Surplus: Idols, Talismans, Charms, Souvenirs, and Mementos of The Modern Soldier

During the week of Veterans Day I began a new project, one born from the exploration of my own past.  I am not sure about where the project will go, if anywhere at all but below I have provided the statement for the project as I understand it at this moment.

©2013 Phil D. Nesmith

©2013 Phil D. Nesmith


This project inverts the photographic portrait of the modern soldier by imaging the relics and artifacts they selected, collected, and salvaged as markers of their own personal progression through armed conflict. The images, curated by the soldiers themselves, create an alternative vision of history as it is broadly painted by nightly news and history books.  These images are at once deeply personal and impersonal. They are objects that mark significant places, actions, decisions, consequences, and milestones, but also the more mundane yet more frequent realities of armed service.  These items are often labeled as war trophies or souvenirs but these labels are too often limiting of the wider range of functions the collected objects serve for the individual and their motivation for preserving them.  

I am interested in objects that take on the power of significance for individuals intimately and intricately involved with armed conflict, specifically the soldier, that at the end of their military life finds themselves with collections of objects, collections that are not categorized as such for the person to whom they belong.  What motivates them to reach down into the dirt and pull a piece of shrapnel from the earth and place it in their pack, to be carried, transferred, stored, and shuffled about for years to emerge a lifetime later and sometimes only in private.   What of the talismans and charms crafted, assembled, gifted, and sometimes found that are worn against the body as part of some conscious or subconscious personal protection ritual?  Biographical objects can and are used to record, validate, and transmit an individual’s personal history or myth. Yet little is known or shown of modern soldiers’ biographical objects.  This is an interesting revelation given the past decade of  “warrior” worship found in the United States after 9/11.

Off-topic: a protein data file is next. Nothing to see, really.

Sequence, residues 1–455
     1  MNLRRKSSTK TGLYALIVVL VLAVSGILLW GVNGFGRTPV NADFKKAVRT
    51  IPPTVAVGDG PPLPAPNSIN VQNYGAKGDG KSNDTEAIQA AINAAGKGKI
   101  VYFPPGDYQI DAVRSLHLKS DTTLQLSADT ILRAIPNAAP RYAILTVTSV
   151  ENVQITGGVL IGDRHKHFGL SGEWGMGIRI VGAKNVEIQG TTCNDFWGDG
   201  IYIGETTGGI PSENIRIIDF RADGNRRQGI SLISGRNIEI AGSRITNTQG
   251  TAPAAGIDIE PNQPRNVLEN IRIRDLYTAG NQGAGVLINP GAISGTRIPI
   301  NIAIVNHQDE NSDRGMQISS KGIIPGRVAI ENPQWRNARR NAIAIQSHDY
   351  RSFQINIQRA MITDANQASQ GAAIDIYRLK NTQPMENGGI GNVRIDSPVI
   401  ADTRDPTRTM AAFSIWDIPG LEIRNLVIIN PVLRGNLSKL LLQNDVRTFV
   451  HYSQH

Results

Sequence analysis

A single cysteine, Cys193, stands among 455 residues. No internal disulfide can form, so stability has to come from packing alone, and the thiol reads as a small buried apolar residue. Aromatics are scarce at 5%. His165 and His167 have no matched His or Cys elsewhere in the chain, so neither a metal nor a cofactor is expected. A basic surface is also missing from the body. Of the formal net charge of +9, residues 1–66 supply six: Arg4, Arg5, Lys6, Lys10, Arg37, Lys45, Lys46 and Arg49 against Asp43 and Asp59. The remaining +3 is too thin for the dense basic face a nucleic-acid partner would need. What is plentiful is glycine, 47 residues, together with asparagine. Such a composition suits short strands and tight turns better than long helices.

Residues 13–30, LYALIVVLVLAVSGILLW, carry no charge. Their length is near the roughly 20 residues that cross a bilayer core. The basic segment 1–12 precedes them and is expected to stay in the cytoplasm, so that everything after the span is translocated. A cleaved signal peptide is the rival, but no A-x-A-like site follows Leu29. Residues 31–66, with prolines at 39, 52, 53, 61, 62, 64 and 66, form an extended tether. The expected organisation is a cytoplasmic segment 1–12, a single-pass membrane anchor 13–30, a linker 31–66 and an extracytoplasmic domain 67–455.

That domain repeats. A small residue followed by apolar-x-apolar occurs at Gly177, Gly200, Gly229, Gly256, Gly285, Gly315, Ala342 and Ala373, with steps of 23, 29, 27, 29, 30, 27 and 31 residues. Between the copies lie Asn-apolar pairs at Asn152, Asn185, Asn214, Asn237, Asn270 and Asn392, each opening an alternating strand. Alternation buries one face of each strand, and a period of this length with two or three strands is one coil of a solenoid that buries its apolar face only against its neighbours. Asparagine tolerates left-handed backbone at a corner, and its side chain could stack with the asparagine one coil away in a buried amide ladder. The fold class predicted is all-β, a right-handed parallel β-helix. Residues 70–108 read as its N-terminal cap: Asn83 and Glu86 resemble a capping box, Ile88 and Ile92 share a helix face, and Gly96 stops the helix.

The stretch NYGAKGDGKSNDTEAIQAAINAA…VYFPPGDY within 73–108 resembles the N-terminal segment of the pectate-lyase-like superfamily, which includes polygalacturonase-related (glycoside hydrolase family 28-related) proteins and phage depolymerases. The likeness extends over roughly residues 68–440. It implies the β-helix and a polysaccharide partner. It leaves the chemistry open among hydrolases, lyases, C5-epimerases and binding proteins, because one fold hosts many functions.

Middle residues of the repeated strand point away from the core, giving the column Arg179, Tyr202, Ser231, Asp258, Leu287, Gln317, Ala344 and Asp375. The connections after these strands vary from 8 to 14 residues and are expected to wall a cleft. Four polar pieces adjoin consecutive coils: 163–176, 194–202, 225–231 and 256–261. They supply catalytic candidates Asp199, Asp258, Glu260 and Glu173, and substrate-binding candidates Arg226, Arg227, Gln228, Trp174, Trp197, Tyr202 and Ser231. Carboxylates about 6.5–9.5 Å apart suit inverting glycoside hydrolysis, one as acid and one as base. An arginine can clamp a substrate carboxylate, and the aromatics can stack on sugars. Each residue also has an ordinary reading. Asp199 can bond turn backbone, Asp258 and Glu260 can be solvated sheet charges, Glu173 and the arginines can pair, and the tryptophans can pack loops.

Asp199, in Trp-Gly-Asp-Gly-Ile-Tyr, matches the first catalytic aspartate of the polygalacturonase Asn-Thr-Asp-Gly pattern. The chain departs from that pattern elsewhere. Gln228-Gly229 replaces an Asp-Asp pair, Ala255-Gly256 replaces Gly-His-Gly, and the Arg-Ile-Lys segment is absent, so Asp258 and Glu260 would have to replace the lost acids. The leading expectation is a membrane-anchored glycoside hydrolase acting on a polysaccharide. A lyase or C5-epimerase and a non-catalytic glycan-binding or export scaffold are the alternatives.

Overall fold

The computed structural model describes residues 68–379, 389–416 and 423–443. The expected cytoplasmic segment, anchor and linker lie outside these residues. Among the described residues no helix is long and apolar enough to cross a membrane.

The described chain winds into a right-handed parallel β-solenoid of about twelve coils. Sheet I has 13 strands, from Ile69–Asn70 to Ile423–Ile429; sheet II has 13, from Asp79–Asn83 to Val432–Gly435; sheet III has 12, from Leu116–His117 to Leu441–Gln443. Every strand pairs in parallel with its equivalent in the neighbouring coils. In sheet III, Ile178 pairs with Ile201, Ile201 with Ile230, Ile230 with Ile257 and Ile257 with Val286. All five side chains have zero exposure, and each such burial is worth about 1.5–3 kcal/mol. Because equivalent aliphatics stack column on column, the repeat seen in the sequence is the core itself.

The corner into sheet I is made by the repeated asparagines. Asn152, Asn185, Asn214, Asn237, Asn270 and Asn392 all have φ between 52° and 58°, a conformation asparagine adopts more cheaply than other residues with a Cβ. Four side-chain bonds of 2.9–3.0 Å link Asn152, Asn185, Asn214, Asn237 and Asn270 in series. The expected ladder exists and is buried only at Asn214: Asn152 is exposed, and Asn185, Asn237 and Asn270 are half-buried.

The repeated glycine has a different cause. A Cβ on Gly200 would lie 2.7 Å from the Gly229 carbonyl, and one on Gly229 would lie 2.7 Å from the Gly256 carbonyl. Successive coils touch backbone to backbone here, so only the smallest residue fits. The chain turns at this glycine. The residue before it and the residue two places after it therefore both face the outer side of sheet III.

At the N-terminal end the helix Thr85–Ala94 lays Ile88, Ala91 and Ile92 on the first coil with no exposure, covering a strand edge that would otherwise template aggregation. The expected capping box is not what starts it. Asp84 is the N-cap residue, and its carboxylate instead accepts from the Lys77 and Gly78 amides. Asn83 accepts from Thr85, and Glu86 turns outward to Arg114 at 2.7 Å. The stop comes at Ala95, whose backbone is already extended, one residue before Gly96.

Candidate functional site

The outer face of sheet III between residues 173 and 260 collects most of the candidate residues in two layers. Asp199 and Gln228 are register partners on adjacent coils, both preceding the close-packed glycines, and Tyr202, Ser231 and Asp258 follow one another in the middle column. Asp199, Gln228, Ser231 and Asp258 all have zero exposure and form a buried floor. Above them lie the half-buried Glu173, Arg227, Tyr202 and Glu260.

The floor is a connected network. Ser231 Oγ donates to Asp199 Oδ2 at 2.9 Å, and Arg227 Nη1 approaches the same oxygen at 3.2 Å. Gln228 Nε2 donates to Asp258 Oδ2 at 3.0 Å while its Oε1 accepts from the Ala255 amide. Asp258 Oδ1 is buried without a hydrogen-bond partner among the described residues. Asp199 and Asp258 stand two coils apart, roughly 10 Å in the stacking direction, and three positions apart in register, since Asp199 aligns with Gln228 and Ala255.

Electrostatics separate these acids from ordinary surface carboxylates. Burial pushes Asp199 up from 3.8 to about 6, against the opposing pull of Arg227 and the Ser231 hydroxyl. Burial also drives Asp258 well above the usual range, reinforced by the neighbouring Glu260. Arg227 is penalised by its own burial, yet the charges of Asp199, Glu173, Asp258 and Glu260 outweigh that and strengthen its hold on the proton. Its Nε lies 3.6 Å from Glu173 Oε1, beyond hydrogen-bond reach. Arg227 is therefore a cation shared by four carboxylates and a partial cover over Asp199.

Most of the objects in the series were necessities, or near-necessities for the situations at hand when they were used, but removed from the context of conflict they can often be described at trash or simply “surplus”.  It is the act of saving, packing away – the selection for preservation that hints at something deeper about the soldier him/herself.  These objects construct a web bridging matter, meaning, and personal narrative, and collective history.  These objects, which have been squirreled away in trunks, ruck sacks, duffel bags, kit bags, and foot lockers, used in a context of conflict have become objects of fascination and endless consideration.  

More words and images can be found at the following links:

The Things

War Rubble

Shrapnel – Mortar


~ by Phil Nesmith on December 5, 2013.

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